The banality of writing

You and I know how to write because others wrote before us. Westerns thus go back to the Romans, and the Romans to the Greeks, and so on to the very beginning of writing itself, which was not in Europe, but in ancient Sumer.

The Romans lived in a highly literate society, but there was an important distinction between those who knew how to read and write, and those who actually wrote. Elite Romans preferred not to write and left the skill of writing to the lower classes, often even to slaves. For such a literate culture, the cultured were pretty tech-averse, writing being considered a technology in need of manual operation. So the Romans raised their ink-free finger and started dictating to scribes and other professionals of the written word.

We’ve never been too far from this distant practice, and we’ve probably come even closer to it now, as fewer and fewer people get to write anything by hand. Writing is in decline, while Siri and Alexa sure look like they are ready to interview for the scribe’s position. Just imagine Cicero at his desk saying ‘Ave, Siri, please take the following down’.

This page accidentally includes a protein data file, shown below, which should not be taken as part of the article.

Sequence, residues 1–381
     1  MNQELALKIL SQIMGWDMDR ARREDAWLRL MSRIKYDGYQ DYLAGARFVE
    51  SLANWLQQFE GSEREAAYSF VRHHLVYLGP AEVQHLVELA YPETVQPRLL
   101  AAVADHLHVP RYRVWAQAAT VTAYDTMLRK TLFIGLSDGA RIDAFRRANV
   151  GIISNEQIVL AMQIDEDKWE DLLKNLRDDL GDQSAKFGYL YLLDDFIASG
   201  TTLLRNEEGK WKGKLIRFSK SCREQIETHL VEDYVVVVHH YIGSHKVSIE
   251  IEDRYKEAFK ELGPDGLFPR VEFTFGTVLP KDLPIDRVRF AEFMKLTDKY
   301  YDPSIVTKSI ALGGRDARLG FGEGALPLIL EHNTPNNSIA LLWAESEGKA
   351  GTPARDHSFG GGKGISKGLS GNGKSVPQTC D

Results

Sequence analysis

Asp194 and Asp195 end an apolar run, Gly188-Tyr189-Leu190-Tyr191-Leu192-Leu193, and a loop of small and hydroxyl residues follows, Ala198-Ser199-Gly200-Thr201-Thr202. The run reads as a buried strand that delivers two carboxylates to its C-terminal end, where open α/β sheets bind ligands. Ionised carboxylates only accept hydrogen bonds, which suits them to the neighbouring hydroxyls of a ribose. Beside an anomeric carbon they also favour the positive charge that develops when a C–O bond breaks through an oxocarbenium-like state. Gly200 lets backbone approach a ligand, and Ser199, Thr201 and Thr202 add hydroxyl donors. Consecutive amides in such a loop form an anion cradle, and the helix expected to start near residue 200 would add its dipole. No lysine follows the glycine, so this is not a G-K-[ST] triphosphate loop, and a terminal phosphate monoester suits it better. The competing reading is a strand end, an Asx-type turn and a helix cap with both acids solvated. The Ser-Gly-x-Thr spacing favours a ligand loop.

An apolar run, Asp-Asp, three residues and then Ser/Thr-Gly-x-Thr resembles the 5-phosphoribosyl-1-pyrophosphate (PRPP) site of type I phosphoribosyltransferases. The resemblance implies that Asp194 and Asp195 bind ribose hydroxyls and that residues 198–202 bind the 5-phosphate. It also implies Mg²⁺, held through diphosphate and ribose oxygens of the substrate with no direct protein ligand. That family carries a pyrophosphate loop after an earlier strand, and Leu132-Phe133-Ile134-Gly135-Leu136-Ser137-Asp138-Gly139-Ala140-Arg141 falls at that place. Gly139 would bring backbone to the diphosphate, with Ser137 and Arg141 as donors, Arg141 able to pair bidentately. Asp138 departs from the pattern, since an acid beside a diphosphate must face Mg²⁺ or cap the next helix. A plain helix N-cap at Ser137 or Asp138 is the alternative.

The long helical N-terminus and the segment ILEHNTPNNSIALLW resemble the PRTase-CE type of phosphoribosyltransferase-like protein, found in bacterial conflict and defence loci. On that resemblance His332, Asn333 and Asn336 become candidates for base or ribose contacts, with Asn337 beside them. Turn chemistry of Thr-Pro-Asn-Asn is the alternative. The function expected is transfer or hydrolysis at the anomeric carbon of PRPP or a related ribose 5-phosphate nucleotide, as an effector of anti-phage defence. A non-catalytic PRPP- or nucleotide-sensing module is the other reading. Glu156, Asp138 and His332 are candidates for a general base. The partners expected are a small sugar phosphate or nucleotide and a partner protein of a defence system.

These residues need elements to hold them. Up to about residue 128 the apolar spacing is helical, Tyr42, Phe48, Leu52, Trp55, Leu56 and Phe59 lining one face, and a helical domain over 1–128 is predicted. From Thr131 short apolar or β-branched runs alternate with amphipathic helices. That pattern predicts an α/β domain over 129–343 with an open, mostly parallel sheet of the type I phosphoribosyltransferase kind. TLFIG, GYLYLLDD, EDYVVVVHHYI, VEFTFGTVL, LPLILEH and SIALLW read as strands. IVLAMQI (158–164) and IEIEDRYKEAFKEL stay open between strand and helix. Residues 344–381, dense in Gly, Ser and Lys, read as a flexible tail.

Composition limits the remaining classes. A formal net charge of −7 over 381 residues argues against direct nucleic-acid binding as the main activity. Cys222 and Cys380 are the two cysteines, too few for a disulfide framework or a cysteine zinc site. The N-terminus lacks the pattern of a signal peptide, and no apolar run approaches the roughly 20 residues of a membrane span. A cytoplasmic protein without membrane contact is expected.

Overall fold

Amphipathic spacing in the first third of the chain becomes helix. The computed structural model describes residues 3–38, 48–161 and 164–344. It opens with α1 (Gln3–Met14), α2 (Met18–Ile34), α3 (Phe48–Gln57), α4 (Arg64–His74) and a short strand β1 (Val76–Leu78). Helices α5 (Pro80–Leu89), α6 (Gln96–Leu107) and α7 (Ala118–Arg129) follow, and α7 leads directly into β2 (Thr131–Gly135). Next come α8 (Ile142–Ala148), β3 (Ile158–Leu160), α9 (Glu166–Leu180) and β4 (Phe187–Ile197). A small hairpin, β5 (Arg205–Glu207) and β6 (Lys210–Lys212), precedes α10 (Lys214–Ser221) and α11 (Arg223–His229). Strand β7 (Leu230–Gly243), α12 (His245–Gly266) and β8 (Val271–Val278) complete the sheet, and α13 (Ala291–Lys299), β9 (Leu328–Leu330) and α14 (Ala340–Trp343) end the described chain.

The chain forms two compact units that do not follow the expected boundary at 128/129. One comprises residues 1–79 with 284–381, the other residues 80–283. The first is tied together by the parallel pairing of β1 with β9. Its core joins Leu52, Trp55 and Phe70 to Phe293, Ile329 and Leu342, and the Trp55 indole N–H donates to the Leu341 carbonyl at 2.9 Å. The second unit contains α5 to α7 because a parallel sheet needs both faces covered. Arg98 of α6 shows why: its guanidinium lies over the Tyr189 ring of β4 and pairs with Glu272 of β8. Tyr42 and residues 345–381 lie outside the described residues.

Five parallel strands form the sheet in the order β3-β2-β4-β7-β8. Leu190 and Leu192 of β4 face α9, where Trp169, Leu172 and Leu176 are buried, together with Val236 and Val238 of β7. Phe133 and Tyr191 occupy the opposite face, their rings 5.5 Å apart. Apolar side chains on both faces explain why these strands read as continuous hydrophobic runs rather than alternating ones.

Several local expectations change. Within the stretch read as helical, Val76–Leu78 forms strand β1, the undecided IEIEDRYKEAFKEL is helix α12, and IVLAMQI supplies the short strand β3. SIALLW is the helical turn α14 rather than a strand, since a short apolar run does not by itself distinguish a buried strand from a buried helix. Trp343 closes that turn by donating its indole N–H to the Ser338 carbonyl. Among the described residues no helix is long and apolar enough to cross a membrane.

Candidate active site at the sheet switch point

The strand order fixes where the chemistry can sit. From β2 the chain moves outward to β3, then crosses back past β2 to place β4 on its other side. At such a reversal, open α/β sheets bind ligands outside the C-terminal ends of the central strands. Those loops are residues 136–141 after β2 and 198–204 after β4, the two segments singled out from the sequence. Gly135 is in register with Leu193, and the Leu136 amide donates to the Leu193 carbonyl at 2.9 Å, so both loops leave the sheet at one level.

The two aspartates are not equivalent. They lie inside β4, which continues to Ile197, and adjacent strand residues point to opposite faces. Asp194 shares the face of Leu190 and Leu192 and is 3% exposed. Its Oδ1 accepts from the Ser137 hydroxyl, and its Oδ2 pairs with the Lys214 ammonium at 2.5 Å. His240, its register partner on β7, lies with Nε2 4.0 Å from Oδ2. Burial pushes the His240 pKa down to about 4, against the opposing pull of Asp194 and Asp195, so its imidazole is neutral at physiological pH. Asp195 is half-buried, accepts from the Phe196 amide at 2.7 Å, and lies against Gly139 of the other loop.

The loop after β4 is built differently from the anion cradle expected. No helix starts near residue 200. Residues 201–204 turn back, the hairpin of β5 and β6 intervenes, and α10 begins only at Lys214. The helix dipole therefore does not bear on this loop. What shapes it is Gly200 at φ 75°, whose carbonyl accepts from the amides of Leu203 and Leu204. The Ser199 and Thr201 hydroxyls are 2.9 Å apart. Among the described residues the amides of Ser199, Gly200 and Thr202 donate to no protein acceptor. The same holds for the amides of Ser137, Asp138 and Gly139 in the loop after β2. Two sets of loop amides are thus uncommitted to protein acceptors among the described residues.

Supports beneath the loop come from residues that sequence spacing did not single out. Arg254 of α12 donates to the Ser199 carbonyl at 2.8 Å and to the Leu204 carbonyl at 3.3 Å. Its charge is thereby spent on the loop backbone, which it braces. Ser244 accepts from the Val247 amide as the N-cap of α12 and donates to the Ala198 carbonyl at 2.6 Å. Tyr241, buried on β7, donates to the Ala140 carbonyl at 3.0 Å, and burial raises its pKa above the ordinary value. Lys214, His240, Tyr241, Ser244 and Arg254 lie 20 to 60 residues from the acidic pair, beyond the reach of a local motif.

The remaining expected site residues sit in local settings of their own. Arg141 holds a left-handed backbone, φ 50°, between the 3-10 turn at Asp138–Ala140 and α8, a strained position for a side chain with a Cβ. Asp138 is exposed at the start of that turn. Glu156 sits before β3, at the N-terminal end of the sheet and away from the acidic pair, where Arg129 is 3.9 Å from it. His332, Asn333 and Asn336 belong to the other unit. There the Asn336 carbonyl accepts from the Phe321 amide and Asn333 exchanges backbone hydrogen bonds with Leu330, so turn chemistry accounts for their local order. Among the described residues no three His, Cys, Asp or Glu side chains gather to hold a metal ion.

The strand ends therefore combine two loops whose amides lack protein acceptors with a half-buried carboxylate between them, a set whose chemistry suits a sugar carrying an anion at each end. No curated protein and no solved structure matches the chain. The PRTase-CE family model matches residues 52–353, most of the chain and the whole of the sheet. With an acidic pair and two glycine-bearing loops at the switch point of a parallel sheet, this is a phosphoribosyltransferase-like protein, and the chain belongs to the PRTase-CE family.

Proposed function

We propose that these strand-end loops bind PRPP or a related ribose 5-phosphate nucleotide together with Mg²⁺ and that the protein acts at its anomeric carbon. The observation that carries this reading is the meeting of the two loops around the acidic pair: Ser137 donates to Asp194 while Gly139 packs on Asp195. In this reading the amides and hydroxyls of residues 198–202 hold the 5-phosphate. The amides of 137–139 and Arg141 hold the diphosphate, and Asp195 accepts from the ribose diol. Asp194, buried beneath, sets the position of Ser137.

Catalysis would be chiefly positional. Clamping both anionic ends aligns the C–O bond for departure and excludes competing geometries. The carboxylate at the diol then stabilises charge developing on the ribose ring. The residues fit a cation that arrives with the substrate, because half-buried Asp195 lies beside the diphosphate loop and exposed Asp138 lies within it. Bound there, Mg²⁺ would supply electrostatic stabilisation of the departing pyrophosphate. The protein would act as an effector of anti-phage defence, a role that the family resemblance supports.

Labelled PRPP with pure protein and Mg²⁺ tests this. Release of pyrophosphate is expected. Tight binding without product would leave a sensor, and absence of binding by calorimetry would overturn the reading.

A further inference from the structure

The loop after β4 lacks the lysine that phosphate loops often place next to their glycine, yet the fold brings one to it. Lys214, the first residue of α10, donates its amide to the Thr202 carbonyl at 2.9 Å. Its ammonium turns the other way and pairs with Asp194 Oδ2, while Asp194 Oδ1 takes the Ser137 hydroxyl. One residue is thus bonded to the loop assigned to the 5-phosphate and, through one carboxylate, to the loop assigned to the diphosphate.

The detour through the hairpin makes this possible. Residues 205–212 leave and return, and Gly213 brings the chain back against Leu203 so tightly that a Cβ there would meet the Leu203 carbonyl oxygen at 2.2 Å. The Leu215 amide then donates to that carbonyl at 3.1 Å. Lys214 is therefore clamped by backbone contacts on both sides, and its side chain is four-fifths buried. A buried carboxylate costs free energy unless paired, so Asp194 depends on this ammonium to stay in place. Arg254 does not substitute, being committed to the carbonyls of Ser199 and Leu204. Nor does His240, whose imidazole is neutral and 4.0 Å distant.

Isn’t it ironic for me to say such a thing? I am after all writing this. But am I really? I am in fact typing at my computer. Potato-potato, you’ll say. Yes, but chirography, or the act of manual writing, is not the same as typing, although there are some similarities. In essence, they are different. While they are both manual operations requiring skill and dexterity, writing is fundamentally different and a hundred times harder to learn than tapping keys. It takes a lot longer for a child to learn to write than to type. You may teach a simple machine to type, but handwriting is closer to magic. While someone’s typing skills are a function of speed and accuracy, their handwriting is a bundle of cursivity, legibility, fluency, and also speed. Not to mention the personal signature embedded in someone’s handwriting.

 

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